Oneida Reservation Map


        click here to view a map of Oneida         

Map Small

Historical Perspective

The Oneida people experienced several years of turmoil and hardship before seeking new and fertile lands in the west. For centuries prior to the American Revolution, the Oneida Nation controlled millions of acres of dense forests, beautiful lakes and rivers abundant with game and resourced that provided their people with prosperous livelihoods.

Upon returning home after the Revolutionary War, however, Oneida Warriors found their villages had been burned and pillaged by the British Army as well as armies from the 13 colonies.

The Oneida Nation had yielded 5.3 million acres of land within the state of New York through two treaties in 1785 and 1788, prior to the Constitution. The state of New York and various land companies contrived to remove the Iroquois from their homelands, especially the Oneida, whose land was in direct route of the Erie Canal.

In 1821, a delegation of the six Nations met with representatives from the Menominee and Winnebago Nations to negotiate for fertile and open lands along the western Great Lakes. In an 1822 Treaty, the Oneida then purchased a large section of land in a territory that would soon become the state of Wisconsin.

The first group of Oneidas migrated and settled in what is now the Grand Chute and Kaukauna area. Later that year the second group of Oneidas arrived from New York and settled along the southern area of Duck Creek. Official reservation boundaries were established pursuant to the 1838 Treaty with the Oneidas, and in 1841 another migration of Oneidas arrived in Northeastern Wisconsin and settled around the area known as Chicago Corners, north of Freedom.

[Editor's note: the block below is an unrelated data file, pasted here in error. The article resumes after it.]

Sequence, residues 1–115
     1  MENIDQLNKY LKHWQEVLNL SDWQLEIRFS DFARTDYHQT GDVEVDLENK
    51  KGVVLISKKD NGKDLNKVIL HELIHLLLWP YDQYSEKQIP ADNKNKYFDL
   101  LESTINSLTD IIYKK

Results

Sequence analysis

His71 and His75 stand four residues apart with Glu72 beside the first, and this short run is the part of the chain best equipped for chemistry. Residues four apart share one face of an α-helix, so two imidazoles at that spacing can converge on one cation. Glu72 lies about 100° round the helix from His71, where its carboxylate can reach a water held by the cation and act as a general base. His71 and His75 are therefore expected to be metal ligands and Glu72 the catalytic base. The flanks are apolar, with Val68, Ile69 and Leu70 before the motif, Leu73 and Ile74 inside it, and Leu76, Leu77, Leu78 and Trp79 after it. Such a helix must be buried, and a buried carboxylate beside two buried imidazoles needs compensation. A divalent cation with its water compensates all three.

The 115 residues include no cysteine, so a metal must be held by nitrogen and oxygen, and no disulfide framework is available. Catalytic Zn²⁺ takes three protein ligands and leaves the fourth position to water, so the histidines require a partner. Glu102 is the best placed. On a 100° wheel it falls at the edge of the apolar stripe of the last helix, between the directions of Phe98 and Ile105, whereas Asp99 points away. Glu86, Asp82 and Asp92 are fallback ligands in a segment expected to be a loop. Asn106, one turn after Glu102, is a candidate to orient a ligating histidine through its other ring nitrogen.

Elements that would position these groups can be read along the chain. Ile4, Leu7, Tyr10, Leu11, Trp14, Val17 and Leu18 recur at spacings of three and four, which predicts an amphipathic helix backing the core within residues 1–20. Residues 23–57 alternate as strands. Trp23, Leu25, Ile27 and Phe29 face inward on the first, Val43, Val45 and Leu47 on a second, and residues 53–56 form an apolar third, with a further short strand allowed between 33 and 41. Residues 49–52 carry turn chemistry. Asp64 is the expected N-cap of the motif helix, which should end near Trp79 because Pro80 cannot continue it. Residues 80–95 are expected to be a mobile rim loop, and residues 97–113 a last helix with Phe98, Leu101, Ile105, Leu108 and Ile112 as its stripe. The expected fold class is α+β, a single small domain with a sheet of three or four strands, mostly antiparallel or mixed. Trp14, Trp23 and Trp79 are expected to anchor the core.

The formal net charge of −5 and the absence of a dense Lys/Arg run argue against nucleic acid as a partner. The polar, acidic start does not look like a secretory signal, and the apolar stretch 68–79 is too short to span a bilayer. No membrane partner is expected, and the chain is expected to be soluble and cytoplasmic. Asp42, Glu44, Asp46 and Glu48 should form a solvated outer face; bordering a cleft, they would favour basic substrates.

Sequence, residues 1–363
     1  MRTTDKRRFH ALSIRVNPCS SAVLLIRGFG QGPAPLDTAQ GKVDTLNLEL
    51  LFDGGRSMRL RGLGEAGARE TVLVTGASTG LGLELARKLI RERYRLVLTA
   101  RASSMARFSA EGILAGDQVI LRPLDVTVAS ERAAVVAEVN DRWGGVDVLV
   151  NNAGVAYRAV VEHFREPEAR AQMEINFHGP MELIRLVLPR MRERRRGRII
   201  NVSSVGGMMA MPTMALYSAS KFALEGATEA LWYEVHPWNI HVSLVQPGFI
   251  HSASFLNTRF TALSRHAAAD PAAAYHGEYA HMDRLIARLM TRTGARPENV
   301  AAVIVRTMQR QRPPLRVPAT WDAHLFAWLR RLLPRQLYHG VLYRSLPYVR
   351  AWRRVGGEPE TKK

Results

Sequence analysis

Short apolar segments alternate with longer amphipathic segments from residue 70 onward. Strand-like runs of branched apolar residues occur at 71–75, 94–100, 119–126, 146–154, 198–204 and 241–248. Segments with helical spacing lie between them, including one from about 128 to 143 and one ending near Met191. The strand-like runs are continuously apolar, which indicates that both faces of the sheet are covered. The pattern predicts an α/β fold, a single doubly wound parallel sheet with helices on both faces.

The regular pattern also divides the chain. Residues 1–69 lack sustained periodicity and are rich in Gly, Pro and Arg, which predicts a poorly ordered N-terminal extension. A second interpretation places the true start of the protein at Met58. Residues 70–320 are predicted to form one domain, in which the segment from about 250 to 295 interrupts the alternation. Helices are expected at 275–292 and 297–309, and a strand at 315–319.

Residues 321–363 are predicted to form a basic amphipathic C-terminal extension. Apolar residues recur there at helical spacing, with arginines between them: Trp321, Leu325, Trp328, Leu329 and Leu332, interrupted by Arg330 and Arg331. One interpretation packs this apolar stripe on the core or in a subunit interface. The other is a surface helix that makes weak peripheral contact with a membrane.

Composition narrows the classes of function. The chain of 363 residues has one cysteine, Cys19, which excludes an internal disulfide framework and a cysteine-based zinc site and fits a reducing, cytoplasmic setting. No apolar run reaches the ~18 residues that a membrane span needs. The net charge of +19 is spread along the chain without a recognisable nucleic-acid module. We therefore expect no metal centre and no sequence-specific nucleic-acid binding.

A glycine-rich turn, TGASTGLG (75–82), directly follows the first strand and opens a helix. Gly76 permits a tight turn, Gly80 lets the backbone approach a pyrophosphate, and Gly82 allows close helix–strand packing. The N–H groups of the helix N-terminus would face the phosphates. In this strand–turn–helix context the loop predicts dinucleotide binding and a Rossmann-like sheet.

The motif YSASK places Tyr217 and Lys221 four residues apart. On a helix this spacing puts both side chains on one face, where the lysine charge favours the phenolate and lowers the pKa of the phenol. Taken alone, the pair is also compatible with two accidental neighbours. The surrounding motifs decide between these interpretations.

Once again, however, Oneida lands would fall prey to United States expansion. In 1877, Congress passes the Indian Allotment Act (also known as Dawes Act) which allocated the land to individuals.

Through the next several years, tribal member ownership of reservation land continued to dwindle. Since the concept of taxation was so new and not understood by the Oneida people, many Oneidas lost ownership of their lands by failing to pay their taxes. Many also lost their lands due to the fraudulent methods of land companies and the invasion of non-Indians who desired their fertile lands. By 1924, the Tribe and tribal members only held title to a few hundred acres on the Oneida Reservation.